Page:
Date of Award

2000

Document Type

Dissertation

Degree Name

Doctor of Philosophy (PhD)

Department

Forestry, Wildlife, and Fisheries

First Advisor

Thomas J. Dean

Abstract

Aboveground biomass allocation and its effect on various aspects of N and P dynamics were investigated in loblolly pine (Pinus taeda L.) and slash pine (Pinus elliottii Engelm.) stands planted at different spacings. Further, the relationship of nutrient demand and root production was investigated to validate the functional balance hypothesis in forest stands. N mineralization was greater in loblolly pine stands than slash pine, corresponding with greater needle litter N concentration. Both N and P mineralization increased in loblolly pine stands with increasing stand density, the result of greater nutrient input through increased litterfall. There were no species differences in total standing N at wider spacings, but slash pine had greater standing N at narrower spacings. There were no species differences in total standing P at any spacing. With increasing stand density in loblolly pine, total N and P increased then decreased. The majority of standing N and P was located in the crown. Loblolly pine had more standing N and P in the crown than slash pine. With increasing stand density, the fraction of total standing biomass, N, and P in the crown decreased. There were no species differences in apparent N and P demand (total N and P in annual aboveground production minus retranslocation). Apparent N and P demand in loblolly pine stands increased with stand density then decreased. Retranslocation minimized variation in apparent N and P demand between species and densities. Conflicting with apparent N and P demand, actual N and P uptake were greater in loblolly pine, and actual N uptake was positively and linearly related to stand density. Fine root production did not differ between species. The proportion of total net primary production allocated to fine roots was lower than reported in other studies and may be related to a drought that forced roots below the maximum sampling depth. For loblolly pine, stand density appears to have influenced annual aboveground biomass allocation and subsequent N demand and uptake which was positively and linearly related to fine root production, thus supporting the functional balance hypothesis. However, there was no evidence for the functional balance hypothesis in slash pine.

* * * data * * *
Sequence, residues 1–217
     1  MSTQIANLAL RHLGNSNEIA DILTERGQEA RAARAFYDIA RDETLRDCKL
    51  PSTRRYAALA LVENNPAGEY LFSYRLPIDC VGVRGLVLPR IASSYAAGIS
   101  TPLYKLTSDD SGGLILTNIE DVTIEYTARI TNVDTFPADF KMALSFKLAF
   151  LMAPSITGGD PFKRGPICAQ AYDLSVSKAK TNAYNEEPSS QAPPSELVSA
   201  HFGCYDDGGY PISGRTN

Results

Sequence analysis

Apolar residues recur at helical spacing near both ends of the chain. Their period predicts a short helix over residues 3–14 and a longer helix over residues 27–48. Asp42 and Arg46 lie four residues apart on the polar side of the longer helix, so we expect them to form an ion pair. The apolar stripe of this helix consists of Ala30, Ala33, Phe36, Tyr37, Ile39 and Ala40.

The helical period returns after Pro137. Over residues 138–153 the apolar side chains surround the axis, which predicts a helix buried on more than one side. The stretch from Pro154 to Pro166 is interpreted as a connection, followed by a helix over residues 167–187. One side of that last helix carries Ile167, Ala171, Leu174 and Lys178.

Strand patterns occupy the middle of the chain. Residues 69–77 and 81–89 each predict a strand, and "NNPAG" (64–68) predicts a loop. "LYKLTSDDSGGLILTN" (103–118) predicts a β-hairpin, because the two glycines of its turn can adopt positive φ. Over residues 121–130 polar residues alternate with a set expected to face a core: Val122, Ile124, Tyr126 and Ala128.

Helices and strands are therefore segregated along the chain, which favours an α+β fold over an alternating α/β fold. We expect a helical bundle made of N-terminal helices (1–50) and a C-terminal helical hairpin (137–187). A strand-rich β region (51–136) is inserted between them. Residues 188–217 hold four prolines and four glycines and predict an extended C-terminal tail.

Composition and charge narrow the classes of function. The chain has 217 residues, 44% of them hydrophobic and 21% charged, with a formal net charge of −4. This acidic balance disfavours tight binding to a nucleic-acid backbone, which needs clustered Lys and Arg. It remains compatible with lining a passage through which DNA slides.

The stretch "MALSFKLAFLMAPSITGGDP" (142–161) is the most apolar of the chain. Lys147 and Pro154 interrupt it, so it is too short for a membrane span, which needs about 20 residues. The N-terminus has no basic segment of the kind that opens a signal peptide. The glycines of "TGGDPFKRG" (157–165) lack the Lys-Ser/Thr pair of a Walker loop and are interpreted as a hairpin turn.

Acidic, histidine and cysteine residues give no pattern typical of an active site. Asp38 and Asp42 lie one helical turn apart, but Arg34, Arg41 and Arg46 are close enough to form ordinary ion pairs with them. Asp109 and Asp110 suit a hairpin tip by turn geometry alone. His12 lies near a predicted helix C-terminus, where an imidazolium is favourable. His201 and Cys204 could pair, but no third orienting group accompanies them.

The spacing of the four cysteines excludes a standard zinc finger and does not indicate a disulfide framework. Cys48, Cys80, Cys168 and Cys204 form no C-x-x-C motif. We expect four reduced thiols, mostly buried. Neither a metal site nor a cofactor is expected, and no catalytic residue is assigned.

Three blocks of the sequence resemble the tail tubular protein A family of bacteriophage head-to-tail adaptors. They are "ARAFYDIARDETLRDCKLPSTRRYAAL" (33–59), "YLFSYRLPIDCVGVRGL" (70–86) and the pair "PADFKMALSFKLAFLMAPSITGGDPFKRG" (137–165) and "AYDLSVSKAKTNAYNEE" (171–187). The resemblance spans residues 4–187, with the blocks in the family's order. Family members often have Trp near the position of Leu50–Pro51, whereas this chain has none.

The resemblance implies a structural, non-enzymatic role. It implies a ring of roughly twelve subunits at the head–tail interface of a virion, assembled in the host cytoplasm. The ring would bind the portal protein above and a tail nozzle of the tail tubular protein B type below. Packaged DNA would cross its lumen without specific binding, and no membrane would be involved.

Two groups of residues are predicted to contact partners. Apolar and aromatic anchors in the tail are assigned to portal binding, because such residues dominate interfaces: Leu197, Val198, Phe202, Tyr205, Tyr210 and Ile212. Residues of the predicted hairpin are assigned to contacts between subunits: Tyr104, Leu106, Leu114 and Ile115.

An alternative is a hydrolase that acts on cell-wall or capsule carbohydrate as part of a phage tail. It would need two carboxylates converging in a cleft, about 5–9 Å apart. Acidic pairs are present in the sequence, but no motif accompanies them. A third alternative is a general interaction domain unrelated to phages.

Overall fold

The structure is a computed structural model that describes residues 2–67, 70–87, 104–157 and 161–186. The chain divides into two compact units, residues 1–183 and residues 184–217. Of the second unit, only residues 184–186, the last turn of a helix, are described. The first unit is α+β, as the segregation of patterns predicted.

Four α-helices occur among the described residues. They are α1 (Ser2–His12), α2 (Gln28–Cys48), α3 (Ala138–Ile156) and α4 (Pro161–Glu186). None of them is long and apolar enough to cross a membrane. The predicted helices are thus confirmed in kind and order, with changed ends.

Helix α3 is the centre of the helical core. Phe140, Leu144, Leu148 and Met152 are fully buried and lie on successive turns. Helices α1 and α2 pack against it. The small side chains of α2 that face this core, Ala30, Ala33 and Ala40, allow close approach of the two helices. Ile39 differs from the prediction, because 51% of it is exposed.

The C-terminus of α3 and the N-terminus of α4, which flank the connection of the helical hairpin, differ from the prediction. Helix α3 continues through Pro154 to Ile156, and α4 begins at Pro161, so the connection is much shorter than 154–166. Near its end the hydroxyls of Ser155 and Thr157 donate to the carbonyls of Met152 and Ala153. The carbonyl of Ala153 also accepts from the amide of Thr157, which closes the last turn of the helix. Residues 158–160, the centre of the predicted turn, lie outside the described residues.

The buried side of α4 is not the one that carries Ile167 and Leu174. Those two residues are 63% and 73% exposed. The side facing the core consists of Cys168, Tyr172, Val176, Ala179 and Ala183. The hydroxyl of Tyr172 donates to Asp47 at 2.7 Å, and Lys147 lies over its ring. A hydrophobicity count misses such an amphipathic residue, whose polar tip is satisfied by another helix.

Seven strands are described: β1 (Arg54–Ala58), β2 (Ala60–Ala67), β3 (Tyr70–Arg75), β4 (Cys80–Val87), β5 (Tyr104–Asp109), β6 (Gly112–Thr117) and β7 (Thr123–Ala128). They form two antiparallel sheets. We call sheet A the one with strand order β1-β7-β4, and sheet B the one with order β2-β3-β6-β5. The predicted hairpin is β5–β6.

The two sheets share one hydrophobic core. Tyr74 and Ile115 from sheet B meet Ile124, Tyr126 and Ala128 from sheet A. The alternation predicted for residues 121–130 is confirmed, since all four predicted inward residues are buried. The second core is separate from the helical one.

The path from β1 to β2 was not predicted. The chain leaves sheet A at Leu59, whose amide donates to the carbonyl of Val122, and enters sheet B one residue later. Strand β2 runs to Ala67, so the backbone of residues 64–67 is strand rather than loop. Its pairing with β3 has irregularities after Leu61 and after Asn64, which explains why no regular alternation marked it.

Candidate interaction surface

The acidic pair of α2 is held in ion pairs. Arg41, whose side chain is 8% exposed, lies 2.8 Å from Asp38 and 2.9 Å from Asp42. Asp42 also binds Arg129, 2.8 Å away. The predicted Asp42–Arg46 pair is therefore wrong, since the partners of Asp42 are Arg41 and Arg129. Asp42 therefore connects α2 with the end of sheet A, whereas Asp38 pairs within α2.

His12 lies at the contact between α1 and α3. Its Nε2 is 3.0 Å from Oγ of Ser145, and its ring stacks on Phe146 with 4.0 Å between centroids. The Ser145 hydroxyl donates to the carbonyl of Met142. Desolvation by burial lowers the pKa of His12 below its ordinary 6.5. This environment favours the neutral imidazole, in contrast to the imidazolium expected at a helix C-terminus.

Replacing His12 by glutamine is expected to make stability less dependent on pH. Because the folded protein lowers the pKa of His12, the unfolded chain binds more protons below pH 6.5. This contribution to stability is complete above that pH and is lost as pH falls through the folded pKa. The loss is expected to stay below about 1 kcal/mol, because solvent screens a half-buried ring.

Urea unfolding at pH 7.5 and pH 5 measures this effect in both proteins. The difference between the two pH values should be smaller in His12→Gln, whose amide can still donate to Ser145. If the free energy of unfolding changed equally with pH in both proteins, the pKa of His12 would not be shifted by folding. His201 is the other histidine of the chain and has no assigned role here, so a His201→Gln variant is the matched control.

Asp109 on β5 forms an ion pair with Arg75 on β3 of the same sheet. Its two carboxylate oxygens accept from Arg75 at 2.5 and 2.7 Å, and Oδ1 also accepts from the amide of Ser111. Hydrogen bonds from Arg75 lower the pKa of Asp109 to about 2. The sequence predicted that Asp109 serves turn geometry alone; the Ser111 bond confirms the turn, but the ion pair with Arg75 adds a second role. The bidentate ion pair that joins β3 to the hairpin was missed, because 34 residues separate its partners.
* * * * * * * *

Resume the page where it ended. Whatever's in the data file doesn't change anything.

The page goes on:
ISBN

9780599990678

Pages

106

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